Communicate with your suppliers. If cash is tight, let them know, work out payment plans, and above all, don’t be silent about it.

Work with your bank, especially if you have a term loan and cash flow issues. I’ve also heard a lot of PE firms are telling their operating companies to use the lines of credit to strengthen their balance sheets cash position so consider this.

If business is slow, do those administrative things you’ve put off. Take care of personal things. And be ready because there won’t be an announcement saying, “It’s over, back to normal.” It will sneak up on us.

Creativity in a Crisis

Once again, the phrase, “We live in interesting times” is being used.  There’s nothing but news about the coronavirus and at the same time marketing creativity is starting to flow. 

  • The Catering Company in Kirkland is offering ready-to-heat meal packages with reduced rates, no delivery charges, and emphasizing their food safety protocols.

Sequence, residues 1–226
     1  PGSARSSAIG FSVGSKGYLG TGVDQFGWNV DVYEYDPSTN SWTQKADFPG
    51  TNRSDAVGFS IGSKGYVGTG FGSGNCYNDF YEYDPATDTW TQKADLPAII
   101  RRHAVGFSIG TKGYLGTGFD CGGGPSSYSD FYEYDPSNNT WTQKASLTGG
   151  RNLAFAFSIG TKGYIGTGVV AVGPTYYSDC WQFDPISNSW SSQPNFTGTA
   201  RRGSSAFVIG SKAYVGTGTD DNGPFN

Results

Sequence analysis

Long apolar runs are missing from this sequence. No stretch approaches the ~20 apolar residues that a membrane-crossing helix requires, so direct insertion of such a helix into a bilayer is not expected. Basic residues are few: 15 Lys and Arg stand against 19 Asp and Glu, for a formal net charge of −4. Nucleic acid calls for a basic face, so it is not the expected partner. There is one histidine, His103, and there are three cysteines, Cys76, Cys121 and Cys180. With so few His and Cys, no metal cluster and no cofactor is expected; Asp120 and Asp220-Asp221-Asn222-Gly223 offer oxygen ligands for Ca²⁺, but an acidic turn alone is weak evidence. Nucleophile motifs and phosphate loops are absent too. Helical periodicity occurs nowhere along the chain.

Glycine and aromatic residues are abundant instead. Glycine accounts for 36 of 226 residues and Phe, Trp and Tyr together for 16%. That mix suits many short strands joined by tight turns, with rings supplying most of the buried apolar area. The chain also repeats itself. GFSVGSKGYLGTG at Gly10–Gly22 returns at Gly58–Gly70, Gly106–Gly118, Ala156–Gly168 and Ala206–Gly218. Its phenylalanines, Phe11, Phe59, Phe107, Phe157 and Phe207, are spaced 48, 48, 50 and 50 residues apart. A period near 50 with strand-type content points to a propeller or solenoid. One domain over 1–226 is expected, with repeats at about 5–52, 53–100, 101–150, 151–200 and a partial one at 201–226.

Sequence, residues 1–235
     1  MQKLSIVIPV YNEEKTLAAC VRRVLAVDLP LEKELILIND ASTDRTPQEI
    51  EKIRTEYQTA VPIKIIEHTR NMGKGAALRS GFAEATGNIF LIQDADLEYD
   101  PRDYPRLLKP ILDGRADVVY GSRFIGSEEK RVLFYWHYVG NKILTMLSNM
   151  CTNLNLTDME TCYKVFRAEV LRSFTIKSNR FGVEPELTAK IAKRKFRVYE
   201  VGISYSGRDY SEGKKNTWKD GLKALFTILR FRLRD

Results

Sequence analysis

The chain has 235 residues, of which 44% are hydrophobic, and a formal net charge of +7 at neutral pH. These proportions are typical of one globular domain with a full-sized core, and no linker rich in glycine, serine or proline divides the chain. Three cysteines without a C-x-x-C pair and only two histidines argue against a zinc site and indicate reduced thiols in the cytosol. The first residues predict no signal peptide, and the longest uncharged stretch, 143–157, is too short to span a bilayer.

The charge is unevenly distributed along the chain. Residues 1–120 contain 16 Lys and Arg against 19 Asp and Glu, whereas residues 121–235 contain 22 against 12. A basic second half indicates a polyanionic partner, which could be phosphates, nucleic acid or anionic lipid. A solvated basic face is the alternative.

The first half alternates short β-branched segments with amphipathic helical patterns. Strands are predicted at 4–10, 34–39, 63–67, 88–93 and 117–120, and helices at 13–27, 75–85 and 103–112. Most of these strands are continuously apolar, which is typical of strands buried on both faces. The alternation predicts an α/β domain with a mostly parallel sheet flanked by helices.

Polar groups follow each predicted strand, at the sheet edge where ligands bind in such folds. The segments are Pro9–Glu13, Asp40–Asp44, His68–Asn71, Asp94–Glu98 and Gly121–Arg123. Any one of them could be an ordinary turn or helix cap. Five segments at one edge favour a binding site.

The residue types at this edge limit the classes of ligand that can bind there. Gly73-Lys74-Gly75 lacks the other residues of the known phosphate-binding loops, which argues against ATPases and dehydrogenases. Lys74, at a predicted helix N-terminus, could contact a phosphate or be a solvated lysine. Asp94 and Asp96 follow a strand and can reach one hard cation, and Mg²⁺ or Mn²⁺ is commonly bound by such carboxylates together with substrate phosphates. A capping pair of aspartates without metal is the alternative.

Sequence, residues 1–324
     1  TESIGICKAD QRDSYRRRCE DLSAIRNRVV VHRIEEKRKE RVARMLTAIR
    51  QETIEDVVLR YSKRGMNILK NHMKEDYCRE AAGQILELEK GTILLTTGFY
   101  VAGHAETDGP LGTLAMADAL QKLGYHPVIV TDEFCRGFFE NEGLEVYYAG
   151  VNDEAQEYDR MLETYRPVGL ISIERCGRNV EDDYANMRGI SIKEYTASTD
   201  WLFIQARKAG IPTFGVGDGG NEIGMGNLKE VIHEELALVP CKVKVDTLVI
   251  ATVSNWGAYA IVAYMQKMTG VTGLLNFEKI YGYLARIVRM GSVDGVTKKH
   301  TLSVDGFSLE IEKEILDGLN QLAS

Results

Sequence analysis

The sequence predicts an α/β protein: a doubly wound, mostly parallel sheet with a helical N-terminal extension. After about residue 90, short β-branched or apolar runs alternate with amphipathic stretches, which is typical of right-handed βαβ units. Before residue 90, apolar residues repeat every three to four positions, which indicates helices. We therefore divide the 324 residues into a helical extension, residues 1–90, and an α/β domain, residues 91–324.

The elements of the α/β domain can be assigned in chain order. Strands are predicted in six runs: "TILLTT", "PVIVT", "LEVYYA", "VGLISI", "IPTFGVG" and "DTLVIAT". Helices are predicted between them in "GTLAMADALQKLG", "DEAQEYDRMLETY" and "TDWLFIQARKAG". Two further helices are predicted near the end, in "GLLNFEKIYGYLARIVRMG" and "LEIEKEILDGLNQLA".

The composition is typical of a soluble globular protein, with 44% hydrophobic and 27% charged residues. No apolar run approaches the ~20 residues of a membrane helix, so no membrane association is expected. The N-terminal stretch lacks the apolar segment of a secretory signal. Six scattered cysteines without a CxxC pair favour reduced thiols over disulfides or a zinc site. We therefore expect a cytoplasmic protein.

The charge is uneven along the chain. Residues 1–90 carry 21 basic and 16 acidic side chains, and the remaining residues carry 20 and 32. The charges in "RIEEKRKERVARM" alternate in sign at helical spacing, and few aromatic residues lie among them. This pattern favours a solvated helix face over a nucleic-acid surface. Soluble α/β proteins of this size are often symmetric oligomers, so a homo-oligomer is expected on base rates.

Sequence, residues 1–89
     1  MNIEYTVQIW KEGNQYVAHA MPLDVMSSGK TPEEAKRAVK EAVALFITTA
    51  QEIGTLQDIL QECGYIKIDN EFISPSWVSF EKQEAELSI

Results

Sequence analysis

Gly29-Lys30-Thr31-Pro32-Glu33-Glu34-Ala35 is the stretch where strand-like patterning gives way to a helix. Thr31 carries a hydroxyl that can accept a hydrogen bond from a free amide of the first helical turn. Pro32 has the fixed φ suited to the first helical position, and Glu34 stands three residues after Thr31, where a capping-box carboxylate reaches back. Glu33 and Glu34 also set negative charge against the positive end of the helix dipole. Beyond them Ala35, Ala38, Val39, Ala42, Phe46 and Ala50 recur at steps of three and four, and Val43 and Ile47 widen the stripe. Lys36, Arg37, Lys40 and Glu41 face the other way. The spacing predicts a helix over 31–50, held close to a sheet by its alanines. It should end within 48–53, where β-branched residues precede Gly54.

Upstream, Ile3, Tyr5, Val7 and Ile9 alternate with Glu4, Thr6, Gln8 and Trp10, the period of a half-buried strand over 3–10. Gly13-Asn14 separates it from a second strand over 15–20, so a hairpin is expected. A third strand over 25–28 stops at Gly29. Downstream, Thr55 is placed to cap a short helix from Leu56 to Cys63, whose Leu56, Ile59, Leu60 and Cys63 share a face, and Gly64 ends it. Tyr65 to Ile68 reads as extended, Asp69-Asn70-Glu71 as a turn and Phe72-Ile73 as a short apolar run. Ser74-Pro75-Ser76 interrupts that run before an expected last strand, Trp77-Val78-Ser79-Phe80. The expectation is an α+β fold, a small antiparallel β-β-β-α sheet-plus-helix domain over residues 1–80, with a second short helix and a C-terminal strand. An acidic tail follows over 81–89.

• Precor is running ads promoting the benefits of working out at home in the “clean, fresh air.” With many people scared to go anywhere, including the gym, they’re hitting a raw nerve their potential customers have.
  • An HVAC company is extolling the virtues of an air scrubber. Whether it works anywhere close to airplane filtration systems (hospital quality, removing 99.9% of contaminants) it sure sounds good.